May 14th, 2009
The AP is reporting,
New Hampshire Gov. John Lynch says he will sign a bill to make his state the sixth to legalize gay marriage, but only if it strengthens protections for churches opposed to gay marriage.
He says that the current protections should be beefed up to equal those of Connecticut and Vermont.
The language in HB 436 regarding protections is as follows:
457:37 Affirmation of Freedom of Religion in Marriage. Members of the clergy as described in RSA 457:31 or other persons otherwise authorized under law to solemnize a marriage shall not be obligated or otherwise required by law to officiate at any particular civil marriage or religious rite of marriage in violation of their right to free exercise of religion protected by the First Amendment to the United States Constitution or by part I, article 5 of the New Hampshire constitution.
There is a follow-up bill, HB 310, which provides as follows:
457:31-b Solemnization of Marriage; Applicability.
I. Nothing contained in this chapter shall affect the right of Jewish Rabbis residing in this state, or of the people called Friends or Quakers, to solemnize marriages in the way usually practiced among them, and all marriages so solemnized shall be valid. Jewish Rabbis residing out of the state may obtain a special license as provided by RSA 457:32.
II. Nothing in this chapter shall be construed to prohibit a person authorized to solemnize a marriage in a religious ceremony from solemnizing a marriage in a civil ceremony.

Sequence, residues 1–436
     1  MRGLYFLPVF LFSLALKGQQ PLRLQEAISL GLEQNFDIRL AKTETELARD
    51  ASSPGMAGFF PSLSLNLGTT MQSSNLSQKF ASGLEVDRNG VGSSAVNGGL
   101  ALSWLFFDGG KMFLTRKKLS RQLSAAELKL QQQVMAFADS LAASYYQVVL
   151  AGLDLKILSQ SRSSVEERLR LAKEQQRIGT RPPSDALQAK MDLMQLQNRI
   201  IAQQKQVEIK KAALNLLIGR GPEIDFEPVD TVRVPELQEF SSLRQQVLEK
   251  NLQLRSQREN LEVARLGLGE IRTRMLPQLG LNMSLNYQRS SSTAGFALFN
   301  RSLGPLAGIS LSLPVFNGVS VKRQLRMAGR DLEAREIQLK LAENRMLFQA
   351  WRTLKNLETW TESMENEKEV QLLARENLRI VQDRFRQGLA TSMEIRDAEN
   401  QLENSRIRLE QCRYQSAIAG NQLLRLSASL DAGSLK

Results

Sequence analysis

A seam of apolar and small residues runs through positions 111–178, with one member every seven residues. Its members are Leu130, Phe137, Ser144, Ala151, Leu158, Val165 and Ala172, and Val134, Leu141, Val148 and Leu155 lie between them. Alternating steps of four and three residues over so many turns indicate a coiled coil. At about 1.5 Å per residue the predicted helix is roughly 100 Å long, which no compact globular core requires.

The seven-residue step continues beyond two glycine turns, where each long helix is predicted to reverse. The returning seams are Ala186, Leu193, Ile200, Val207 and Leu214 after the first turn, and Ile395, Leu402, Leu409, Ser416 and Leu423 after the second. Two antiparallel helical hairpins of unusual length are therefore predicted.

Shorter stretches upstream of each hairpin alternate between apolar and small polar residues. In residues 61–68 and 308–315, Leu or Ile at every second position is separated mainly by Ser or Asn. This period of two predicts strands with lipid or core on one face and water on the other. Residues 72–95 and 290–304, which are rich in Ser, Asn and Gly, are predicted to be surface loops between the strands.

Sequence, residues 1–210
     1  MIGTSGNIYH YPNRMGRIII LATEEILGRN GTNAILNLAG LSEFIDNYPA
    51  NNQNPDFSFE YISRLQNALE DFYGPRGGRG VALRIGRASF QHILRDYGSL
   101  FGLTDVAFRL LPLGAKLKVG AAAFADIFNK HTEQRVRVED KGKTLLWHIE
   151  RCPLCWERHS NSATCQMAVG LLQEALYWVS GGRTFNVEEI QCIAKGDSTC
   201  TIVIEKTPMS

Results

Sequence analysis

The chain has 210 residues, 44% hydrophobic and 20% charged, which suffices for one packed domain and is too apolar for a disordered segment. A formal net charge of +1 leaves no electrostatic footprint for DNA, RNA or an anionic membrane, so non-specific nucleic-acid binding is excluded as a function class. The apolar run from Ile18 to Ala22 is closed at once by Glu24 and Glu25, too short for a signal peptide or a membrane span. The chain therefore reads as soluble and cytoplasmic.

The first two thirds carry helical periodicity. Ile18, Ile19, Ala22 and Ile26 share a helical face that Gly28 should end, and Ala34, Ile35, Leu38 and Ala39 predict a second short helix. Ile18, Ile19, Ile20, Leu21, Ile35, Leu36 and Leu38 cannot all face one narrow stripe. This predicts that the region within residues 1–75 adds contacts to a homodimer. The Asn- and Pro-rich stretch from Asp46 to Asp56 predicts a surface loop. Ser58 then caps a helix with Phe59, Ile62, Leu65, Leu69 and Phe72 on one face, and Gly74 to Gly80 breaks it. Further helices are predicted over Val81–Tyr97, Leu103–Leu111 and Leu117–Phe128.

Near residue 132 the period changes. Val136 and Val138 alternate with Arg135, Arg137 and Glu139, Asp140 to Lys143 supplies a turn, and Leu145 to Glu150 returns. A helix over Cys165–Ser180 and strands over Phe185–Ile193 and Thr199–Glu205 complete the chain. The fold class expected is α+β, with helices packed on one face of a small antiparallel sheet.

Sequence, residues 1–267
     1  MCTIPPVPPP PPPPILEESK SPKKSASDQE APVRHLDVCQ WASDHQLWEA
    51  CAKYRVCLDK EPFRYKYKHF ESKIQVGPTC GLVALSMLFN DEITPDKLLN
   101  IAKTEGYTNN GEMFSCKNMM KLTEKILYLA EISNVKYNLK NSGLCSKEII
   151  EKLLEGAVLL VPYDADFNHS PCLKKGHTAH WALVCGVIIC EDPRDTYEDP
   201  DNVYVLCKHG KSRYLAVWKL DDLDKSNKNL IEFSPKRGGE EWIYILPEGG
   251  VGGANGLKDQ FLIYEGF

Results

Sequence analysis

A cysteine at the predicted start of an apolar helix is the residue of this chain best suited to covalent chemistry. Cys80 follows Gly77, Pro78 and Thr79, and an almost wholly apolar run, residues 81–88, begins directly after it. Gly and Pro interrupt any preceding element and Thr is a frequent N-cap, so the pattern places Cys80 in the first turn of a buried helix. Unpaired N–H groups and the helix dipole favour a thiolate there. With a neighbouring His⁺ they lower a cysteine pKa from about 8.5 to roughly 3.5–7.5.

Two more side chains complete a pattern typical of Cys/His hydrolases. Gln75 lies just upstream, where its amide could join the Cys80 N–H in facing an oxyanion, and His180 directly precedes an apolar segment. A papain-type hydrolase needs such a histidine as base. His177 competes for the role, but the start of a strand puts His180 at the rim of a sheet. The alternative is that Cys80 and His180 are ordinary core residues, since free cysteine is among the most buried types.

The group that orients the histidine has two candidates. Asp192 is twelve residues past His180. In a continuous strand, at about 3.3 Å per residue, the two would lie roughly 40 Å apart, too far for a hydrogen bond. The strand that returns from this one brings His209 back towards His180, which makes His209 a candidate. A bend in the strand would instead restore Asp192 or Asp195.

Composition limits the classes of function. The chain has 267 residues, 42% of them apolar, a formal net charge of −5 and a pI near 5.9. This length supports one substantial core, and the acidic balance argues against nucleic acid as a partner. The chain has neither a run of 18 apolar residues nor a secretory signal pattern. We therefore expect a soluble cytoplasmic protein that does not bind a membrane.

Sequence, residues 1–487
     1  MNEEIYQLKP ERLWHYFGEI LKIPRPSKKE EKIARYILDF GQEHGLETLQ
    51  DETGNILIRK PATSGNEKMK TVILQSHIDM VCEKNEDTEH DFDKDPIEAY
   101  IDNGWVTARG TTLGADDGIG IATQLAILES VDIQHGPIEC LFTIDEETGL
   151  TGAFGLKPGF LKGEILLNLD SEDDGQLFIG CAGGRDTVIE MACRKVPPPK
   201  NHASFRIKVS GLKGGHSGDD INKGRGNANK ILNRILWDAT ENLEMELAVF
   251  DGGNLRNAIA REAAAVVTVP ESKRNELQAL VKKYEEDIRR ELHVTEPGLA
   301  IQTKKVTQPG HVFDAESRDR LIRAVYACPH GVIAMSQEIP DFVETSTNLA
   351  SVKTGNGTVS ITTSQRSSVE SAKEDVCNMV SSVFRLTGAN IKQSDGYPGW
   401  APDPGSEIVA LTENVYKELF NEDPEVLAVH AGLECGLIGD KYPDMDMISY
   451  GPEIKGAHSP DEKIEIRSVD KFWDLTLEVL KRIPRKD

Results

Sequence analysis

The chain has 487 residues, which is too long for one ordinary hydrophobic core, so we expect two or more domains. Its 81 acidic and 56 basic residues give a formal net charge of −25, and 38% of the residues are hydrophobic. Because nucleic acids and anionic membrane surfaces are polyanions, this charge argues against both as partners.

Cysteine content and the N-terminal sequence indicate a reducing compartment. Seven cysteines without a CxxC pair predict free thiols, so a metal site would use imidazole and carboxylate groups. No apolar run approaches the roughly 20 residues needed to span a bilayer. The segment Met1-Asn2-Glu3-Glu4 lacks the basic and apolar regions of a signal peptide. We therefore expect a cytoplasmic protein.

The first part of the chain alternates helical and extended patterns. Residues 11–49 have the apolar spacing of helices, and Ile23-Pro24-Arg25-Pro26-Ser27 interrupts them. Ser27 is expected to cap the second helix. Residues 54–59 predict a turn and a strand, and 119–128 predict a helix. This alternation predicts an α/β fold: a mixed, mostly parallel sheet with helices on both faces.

7 Affirmation of Freedom of Religion in Marriage. Amend RSA 457:37 to read as follows:
457:37 Affirmation of Freedom of Religion in Marriage.
I. Members of the clergy as described in RSA 457:31 or other persons otherwise authorized under law to solemnize a marriage shall not be obligated or otherwise required by law to officiate at any particular civil marriage or religious rite of marriage in violation of their right to free exercise of religion protected by the First Amendment to the United States Constitution or by part I, article 5 of the New Hampshire constitution.
II. No religious organization, association, or society, or any nonprofit institution or organization operated, supervised, or controlled by or in conjunction with a religious organization, association, or society, shall be required to participate in a ceremony solemnizing marriage in violation of the religious beliefs of such organization, association, or society.
Taken in combination, the only protections in the Connecticut or Vermont legislation that do not appear to be explicitly stated here is whether such organizations are obligated to provide goods or services (e.g. a hall). I’ve no objection to such a clarification.
Lynch has proposed his own specific language.
“If the Legislature passes this language, I will sign the same-sex marriage bill into law. If the Legislature doesn’t pass these provisions, I will veto it,” Lynch said. “We can and must treat both same-sex couples and people of certain religious traditions with respect and dignity. I believe this proposed language will accomplish both of these goals and I urge the Legislature to pass it.”
I do not yet have the specific proposed language.
The governor’s suggested changes would make clear that religious groups would not be required to perform gay weddings if their beliefs prohibited it, and that they would not be held liable in court for refusing such services.
The language would also make clear that social groups and other organizations affiliated with religious entities did not have to provide benefits to gay couples.
New York Times says
Legislative leaders indicated they would allow the changes, making it all but certain that New Hampshire will become the sixth state to allow marriage between gay couples.
“New Hampshire\’s great tradition has always been to come down on the side of individual liberties and protections,” Mr. Lynch, a Democrat, said in a statement. “But following that tradition means we must act to protect both the liberty of same-sex couples and religious liberty.”
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